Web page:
by Derek Gilna
Helen Stokes, a 65-year-old Pennsylvania woman with no criminal record, was nonetheless continually denied credit due to inaccuracies in her background report that a property credit reporting company refused to correct. Consequently, she filed a class-action complaint in federal court that alleged damages as a result of the firm’s violations of the Fair Credit Reporting Act (FCRA).
The Fair Credit Reporting Act, 15 U.S.C. §§ 1681-1681x, gives consumers whose credit reports are inaccurate a means of redress for such violations. In her complaint, Stokes claimed that the credit reporting company, RealPage, Inc., “adopted and maintained a policy and practice of failing to timely update the criminal record information it maintains to eliminate records of cases that have been expunged, thus not accurately reflecting the final disposition of these cases.”
As a result of these FCRA violations, Stokes said, “Defendant’s practices harm consumers seeking residential leases by prejudicing their prospective landlords with inaccurate adverse information, depriving consumers of valuable congressionally-mandated information.” Most importantly, she added, when individuals like her inquired about the negative items on their credit report, RealPage failed “to provide complete and accurate disclosures of all information [the company] maintains about consumers to those consumers upon request.”
Inaccurate criminal record information in credit reports can result in applicants not only being denied credit, but also the ability to rent housing or obtain mortgages.
RealPage sought to have the case dismissed, to no avail. In October 2016, U.S. District Court Judge John R. Padova found that Stokes had alleged concrete and particularized harm, and allowed the lawsuit and a related case to proceed.
Stokes had been arrested as a result of a domestic altercation involving her ex-husband, and although the charges were dismissed she was continually denied credit. With the help of a legal aid organization she was able to get her arrest record expunged, but RealPage continued to report her arrest as a conviction. As a result, she was denied senior housing twice and teetered on the edge of homelessness.
According to another class member, Ronald Lewis, who had a minor criminal record, “So many doors have been closed in my face, I know what wood tastes like. And because of my record, I can’t even take my kids on school field trips. Do you know how devastating that is?” The goal of the class-action complaint was to force credit reporting companies to provide accurate information with respect to criminal records so applicants are not denied access to credit and other services that impact not only their own lives but their families, too.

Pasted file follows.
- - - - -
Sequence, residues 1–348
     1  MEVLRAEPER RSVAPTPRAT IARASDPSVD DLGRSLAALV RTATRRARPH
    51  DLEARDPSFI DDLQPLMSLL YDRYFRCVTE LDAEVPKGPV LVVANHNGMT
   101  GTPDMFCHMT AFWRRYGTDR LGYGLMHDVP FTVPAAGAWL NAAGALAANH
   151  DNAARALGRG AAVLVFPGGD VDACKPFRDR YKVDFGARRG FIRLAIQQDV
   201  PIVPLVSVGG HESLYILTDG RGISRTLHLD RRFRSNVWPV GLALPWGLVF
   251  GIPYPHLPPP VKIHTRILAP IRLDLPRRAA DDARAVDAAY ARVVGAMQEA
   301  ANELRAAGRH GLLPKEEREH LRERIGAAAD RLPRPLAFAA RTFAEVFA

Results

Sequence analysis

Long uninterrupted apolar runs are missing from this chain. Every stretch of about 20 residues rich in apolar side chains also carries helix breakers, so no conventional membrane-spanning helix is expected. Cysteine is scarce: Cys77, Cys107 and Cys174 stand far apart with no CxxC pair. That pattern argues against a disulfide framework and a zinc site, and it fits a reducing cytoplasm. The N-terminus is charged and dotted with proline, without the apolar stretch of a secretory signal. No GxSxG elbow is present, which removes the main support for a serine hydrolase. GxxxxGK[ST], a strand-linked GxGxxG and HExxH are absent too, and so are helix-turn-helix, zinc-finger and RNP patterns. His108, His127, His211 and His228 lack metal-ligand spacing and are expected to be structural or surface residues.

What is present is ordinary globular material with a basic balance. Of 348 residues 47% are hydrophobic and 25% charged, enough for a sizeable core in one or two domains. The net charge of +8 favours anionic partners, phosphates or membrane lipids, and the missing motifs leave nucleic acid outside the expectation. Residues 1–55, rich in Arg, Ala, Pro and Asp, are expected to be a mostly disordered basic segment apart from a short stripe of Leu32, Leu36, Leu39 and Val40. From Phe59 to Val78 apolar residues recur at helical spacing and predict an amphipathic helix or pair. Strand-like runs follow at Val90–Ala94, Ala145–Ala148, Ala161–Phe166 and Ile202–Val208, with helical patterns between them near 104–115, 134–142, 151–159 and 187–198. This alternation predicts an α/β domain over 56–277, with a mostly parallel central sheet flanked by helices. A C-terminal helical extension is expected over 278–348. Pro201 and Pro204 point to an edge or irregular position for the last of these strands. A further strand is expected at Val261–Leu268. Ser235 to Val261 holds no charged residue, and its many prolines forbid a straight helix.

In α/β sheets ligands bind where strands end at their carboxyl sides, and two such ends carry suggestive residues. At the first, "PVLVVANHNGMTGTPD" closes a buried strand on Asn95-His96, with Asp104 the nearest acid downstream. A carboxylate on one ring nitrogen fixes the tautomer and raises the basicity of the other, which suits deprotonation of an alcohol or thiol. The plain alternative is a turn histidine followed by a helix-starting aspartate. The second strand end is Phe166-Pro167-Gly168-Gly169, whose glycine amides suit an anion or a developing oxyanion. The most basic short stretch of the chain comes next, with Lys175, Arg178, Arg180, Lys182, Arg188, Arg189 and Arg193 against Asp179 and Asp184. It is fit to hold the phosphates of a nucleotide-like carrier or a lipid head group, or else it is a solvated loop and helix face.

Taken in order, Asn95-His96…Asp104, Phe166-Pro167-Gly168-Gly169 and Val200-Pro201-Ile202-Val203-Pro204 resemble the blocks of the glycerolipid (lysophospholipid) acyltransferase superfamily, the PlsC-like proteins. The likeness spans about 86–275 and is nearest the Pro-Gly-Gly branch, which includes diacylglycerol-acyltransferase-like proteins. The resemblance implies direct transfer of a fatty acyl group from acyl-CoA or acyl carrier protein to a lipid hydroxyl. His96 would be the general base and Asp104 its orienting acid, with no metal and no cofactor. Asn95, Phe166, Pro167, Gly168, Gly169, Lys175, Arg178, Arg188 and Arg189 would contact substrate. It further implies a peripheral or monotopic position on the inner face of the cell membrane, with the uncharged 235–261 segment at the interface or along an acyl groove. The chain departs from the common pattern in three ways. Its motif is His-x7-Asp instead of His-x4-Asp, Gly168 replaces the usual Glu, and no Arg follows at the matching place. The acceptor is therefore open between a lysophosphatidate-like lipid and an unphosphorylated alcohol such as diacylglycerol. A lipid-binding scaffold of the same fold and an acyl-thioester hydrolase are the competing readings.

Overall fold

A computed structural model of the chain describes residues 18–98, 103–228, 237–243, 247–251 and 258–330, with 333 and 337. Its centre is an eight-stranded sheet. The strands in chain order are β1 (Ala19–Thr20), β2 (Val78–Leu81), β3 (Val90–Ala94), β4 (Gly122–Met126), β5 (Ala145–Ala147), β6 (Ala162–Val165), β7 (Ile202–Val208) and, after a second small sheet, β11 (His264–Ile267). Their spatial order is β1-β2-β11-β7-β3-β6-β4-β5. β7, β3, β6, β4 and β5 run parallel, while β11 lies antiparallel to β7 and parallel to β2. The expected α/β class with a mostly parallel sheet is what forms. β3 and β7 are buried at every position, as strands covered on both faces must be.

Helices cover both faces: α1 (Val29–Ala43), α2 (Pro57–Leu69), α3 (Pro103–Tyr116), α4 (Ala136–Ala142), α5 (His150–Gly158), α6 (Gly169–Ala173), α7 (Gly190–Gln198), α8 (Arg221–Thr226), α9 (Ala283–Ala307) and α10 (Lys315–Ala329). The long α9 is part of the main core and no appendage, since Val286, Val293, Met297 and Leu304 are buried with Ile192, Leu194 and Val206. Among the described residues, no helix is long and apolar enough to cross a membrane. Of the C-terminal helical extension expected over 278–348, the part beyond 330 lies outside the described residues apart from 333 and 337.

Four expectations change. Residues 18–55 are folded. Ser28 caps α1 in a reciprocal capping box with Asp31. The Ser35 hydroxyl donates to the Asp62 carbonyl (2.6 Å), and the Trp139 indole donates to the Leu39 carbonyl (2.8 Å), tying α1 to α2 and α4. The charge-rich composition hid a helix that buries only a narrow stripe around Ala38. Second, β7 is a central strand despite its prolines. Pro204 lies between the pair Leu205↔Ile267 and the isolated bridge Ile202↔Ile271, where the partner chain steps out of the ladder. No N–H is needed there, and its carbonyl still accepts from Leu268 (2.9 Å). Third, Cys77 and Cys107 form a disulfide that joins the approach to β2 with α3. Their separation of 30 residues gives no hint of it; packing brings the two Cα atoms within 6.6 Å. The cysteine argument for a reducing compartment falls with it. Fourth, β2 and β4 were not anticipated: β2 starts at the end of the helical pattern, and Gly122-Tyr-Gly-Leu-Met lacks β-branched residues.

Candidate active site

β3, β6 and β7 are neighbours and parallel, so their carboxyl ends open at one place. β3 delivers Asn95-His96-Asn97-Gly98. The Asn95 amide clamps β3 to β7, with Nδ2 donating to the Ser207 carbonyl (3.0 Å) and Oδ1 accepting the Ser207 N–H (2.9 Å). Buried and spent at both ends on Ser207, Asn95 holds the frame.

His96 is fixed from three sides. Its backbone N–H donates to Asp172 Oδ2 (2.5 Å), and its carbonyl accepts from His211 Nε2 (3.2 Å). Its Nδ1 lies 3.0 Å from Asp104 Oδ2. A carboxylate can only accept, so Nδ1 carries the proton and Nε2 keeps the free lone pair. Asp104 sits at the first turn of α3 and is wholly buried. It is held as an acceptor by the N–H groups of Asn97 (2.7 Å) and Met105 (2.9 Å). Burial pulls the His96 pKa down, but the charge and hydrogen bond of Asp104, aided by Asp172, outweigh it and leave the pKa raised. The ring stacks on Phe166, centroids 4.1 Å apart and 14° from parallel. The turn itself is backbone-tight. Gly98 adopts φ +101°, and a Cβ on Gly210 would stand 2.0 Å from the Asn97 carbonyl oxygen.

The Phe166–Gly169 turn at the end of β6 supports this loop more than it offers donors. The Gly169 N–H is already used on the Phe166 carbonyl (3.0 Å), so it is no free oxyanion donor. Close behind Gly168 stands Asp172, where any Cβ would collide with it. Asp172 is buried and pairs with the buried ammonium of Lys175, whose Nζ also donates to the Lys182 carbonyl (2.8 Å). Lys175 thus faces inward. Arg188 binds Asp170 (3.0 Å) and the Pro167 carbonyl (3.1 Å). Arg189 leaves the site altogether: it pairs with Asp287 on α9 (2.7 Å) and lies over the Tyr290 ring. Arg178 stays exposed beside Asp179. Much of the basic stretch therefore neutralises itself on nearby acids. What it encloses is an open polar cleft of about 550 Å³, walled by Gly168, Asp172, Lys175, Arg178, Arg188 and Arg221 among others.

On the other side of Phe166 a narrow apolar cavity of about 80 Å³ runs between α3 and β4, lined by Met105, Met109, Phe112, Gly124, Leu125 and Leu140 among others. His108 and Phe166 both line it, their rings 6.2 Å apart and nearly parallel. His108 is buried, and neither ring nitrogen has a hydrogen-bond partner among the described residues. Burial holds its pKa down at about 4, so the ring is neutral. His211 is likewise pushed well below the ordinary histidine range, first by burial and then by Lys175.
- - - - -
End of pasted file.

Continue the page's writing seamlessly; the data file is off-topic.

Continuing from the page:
According to the Wall Street Journal, “the Federal Trade Commission (FTC) has brought eight cases against background screening companies since 2009 for failing to comply with the Fair Credit Reporting Act (FCRA).... The cases, some involving well known companies such as HireRight, LexisNexis Risk Solutions, Intellicorp and Sterling Infosystems, often result in million dollar settlements with the companies admitting to no wrongdoing.”
Judge Padova certified three classes in Stokes’ lawsuit, consisting of the Expungement class, Source class and Chart class.
The Chart class consists of people who requested a copy of their consumer credit report from RealPage and “received with the disclosure a chart that failed to provide the full address and phone number for every agency responsible for enforcing any provision of the FCRA.” Members of the Expungement class include those about whom RealPage “prepared a consumer report which included information regarding one or more criminal cases which ... had been expunged or sealed and a Lifecycle File identified the record as having been expunged or sealed prior to the date of the report.” The Source class includes people who requested a copy of their report “and received a disclosure containing a criminal record in their file which did not include the identity of the public record vendor which had retrieved the criminal record[s]....”
The class-action suit against RealPage remains pending, with the court granting preliminary approval of a settlement in the case and a related lawsuit on August 3, 2017. Under the terms of the proposed settlement, RealPage will establish settlement funds of $143,000 for the Expungement class and $936,200 for the combined Source and Chart classes. Each Expungement class member will receive funds not to exceed $1,100, while members of the Source class will receive payments of up to $200 each. Attorneys’ fees and costs will not exceed 1/3 of the settlement funds, and each named class representative will receive $10,000.
In addition to the monetary provisions, the parties agreed on injunctive relief that requires RealPage to confirm with its data suppliers that any expunged criminal records are not used to produce tenant screening reports; to produce the “complete chart of federal agencies responsible for enforcing any provision of the FCRA, including the address and any appropriate phone number of each agency,” and post that information on its website; and to “disclose the name of the vendor that retrieved any criminal record information in the consumer’s file at the time of such request.”
A final approval hearing in the case is scheduled for February 6, 2018. See: Stokes v. RealPage, Inc., U.S.D.C. (E.D. Penn.), Case No. 2:15-cv-01520-JP.
Additional sources: www.law360.com, www.highbeeassociates.com, www.truth-out.org, www.wsj.com
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Related legal case
Stokes v. RealPage, Inc.
|Cite||U.S.D.C. (E.D. Penn.), Case No. 2:15-cv-01520-JP|